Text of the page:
Setup for testing Android app vulnerabilities

In the previous article I documented my approach for reverse engineering an Android game. But getting my hands on the code is only one part of security research. Once a potential issue is identified, I need to verify that it is actually exploitable. So there is no way around messing with an actual live app. Ideally that has to happen in a controlled environment with emulated hardware. As before, this is mostly me writing things down for my future self, but it might come useful for other people as well.

Choosing a virtualization approach

Historically, the official Android emulator has been barely usable, which is why I’ve been using Androix x86 images in VirtualBox for a long time. This solution doesn’t work here however: the Android game in question contains binary code compiled for the ARM platform, it cannot be executed directly on x86 hardware.

But don’t despair, Android 11 comes with a built-in ARM emulator! So when this game is run on x86 hardware, the OS should automatically translate ARM processor instructions and things will magically work. Sounds great, except for the fact that at the time of writing the Android x86 project only provides Android 9 images and nothing above that.

Further searching brought me to Bliss OS 14, based on Android 11 and available as an Alpha release. I tried it in VirtualBox, and it failed installing. Trying to run it directly from the CD image failed as well. Some investigation on my part revealed wrong paths in the install script as well as a broken Grub build. And that’s not even the parts changing on OS upgrades, the OS would get stuck on boot despite my workarounds. Supposedly, things would work on non-virtualized hardware but I have strong doubts about that. I rather suspect that this “release” is only usable for people installing everything manually and having really deep understanding of the operating system. So either the developers have a different understanding of the phrase “alpha release” than me (mine implies something that’s at least somewhat usable) or the whole thing is a pure publicity stunt: “We are first to bring Android 11 to the desktop!”

I then circled back to the Android emulator. And who would have thought, it worked flawlessly! All the issues making it unusable for me in the past were gone. So the next section is about getting this emulator to your machine.

Setting up Android SDK

The Android SDK is going to be a hefty download no matter what. So you are probably well-advised to go to the download page and download Android Studio. It is easier to set up and better documented.

Personally however, I don’t need this IDE. I prefer working with command line tools where it’s easier to get reproducible results which is particularly important for automation. So for me it’s the “Command line tools only” download further down on the same page.

Android SDK requires Java, but Java doesn’t have to be installed globally on the system. You can download Java JDK and unpack it anywhere on your system. As long as you expose its path in the JAVA_HOME environment variable, all the command line tools will work correctly.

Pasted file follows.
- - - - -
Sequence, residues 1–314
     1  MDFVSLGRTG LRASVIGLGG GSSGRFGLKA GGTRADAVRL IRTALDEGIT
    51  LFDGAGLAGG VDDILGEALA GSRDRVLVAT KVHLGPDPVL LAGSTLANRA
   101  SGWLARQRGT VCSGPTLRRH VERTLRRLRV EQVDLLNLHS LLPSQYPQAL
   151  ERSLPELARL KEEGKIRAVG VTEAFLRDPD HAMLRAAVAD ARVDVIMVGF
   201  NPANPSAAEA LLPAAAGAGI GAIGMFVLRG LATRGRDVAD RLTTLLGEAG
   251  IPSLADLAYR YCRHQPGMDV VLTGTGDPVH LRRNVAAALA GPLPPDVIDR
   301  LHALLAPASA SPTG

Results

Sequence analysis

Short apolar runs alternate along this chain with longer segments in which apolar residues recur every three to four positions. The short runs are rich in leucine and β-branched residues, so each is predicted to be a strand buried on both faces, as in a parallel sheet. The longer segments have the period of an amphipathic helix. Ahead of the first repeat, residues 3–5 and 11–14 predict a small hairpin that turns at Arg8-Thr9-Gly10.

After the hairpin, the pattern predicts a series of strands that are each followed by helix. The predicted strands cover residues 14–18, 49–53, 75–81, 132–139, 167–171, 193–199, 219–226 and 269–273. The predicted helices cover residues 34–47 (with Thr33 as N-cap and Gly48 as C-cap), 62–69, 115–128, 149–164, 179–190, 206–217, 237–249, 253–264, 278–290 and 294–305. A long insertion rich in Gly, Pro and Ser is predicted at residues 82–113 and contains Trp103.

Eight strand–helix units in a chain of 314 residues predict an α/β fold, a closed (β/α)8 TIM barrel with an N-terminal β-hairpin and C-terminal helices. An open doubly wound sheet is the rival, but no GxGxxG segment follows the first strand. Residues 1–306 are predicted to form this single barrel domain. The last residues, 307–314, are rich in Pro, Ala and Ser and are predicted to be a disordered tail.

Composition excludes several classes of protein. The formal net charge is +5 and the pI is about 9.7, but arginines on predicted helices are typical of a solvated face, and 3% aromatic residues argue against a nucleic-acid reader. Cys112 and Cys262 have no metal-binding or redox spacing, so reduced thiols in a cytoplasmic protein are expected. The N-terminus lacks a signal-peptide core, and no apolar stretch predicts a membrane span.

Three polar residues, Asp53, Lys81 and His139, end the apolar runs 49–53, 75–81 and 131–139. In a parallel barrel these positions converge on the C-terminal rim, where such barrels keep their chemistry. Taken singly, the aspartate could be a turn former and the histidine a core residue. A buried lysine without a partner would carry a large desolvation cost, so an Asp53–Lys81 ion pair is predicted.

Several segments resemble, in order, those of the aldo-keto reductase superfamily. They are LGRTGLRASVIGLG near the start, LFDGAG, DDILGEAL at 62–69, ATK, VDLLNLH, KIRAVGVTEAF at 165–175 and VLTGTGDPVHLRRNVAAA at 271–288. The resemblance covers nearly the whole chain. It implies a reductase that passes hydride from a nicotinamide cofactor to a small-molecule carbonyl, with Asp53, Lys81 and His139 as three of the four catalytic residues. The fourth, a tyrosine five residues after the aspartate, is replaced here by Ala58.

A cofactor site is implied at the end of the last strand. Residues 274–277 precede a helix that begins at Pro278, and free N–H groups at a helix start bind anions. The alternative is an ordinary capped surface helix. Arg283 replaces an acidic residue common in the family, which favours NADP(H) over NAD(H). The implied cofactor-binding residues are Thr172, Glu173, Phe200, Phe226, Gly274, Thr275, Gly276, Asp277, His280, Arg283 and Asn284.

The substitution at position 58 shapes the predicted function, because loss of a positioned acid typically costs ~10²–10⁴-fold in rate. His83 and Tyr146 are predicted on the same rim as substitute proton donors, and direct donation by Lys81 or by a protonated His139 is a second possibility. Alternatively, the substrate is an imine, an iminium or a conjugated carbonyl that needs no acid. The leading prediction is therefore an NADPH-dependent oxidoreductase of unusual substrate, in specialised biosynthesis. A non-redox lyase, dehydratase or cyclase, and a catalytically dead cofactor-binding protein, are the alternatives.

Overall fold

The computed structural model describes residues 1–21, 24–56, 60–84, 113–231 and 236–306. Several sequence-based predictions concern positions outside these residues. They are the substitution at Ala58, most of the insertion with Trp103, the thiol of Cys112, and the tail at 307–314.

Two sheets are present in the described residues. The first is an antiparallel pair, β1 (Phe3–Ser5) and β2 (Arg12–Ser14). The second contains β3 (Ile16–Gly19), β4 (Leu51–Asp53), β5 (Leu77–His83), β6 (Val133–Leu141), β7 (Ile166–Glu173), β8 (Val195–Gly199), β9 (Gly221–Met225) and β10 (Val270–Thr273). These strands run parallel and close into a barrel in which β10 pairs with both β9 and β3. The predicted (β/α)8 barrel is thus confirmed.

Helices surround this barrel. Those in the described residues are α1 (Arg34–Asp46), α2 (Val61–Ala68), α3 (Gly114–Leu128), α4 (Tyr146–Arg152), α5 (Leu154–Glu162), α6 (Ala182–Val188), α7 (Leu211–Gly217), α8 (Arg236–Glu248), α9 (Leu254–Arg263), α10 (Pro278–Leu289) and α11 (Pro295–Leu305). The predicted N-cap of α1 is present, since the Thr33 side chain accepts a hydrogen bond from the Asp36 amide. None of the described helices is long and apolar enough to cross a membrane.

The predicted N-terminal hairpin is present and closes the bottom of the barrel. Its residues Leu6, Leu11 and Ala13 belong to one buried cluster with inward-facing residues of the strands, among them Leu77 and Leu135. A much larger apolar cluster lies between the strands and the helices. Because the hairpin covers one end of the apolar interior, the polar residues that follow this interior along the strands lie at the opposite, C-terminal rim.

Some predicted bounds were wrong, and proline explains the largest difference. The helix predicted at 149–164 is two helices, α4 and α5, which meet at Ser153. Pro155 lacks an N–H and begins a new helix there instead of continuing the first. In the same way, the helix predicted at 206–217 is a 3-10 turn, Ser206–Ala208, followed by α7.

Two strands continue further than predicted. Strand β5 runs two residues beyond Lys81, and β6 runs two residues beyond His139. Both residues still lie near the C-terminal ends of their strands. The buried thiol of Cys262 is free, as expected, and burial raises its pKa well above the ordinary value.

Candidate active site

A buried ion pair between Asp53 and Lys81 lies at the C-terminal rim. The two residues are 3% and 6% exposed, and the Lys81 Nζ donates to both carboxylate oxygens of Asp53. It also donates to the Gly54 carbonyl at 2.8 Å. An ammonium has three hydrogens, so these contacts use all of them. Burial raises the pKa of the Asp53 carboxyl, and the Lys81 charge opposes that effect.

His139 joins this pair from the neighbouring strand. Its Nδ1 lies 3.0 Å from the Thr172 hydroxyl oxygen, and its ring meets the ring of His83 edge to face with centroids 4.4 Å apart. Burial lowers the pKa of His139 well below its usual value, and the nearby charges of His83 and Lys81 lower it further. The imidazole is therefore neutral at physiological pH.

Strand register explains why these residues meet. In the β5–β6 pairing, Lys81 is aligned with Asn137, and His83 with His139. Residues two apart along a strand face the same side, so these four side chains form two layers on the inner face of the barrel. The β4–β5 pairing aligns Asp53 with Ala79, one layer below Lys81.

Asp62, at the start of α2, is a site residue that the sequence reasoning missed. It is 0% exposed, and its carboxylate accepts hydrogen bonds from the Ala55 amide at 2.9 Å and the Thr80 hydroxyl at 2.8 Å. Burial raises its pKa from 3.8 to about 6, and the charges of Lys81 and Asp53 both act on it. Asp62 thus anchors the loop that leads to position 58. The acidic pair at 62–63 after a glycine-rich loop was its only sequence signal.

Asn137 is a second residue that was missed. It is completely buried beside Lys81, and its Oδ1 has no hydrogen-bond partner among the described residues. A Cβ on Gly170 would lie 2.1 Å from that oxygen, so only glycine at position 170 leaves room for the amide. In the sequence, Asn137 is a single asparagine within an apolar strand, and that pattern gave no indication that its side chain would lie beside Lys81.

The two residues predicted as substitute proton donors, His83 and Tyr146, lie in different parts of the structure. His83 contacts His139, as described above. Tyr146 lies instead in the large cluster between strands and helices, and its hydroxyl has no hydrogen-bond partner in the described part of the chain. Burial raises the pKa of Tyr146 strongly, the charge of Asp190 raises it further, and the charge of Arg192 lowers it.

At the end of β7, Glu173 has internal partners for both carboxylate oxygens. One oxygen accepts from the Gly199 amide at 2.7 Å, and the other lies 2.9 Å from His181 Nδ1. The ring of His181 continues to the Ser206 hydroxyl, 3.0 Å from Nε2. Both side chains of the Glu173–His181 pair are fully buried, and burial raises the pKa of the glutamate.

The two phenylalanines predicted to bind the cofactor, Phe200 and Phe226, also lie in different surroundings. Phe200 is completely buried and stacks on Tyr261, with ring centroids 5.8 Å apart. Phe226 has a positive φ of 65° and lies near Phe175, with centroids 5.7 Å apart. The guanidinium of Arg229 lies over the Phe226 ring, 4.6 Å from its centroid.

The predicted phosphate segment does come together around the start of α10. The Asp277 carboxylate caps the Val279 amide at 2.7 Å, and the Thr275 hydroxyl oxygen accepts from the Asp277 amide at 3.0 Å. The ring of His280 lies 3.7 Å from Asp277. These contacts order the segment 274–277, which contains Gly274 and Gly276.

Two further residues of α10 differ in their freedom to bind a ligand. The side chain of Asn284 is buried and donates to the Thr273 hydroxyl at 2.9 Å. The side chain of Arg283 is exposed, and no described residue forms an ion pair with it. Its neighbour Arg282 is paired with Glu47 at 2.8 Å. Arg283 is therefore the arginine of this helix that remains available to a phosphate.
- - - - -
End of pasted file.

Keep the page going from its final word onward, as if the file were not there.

The command line tools expect to be unpacked to the cmdline-tools/latest directory of the Android SDK, even if your Android SDK install is initially nothing but the command line tools. So you better put them there unless you want to specify the Android SDK path explicitly every time. Add /path/to/sdk/cmdline-tools/latest/bin to your PATH environment variable to use the commands. This allows running sdkmanager to install further components:

sdkmanager 'system-images;android-30;google_apis_playstore;x86_64' \
           'build-tools;30.0.3' 'platforms;android-30' 'platform-tools'

Here system-images;android-30;google_apis_playstore;x86_64 is the Android 11 image (corresponding to API version 30) with the Play Store app. The emulator will be installed automatically and you’ll need to add /path/to/sdk/emulator to PATH for the emulator command.

build-tools;30.0.3 and platforms;android-30 are needed in order to build apps for the Android 11 platform, /path/to/sdk/build-tools/30.0.3 needs to be added to PATH for the APK signing commands. And platform-tools contain the adb binary, so /path/to/sdk/platform-tools should be added to PATH as well.

You can now create a device image for the emulator. I named the image Android11 and used a tablet as a usable initial hardware configuration. While this command will suggest creating a custom hardware profile, it’s hardly advisable to do so. That is, unless you fancy answering a hundred irrelevant questions of course where each mistake will make you repeat the process.

avdmanager create avd -n Android11 -d '10.1in WXGA (Tablet)' \
           -k 'system-images;android-30;google_apis_playstore;x86_64'

You can still change the hardware configuration by editing ~/.android/avd/Android11.avd/config.ini manually. For me, the following values needed adjusting or adding:

  • hw.ramSize: the default 2048 MB weren’t sufficient for the game app to run, I changed this to 10240 MB
  • hw.keyboard: this should be set to yes if you prefer your computer’s keyboard over the on-screen variant
  • hw.keyboard.charmap: the default qwerty2 should be ok for US keyboards, but German keyboard layout is qwertz

Now you should be able to run the emulator:

emulator -avd Android 11

You can install the app to be tested via Play Store. But then again, you probably have the APK package anyway, in my case named game.apk. So you can install it directly:

adb install game.apk

Minimal proof of concept Android app

The previous article mentioned an exposed service. In order to attempt accessing it, one needs to run some code via another Android app. Obviously, I’d rather avoid complicating matters, so how does one build a minimal Android app?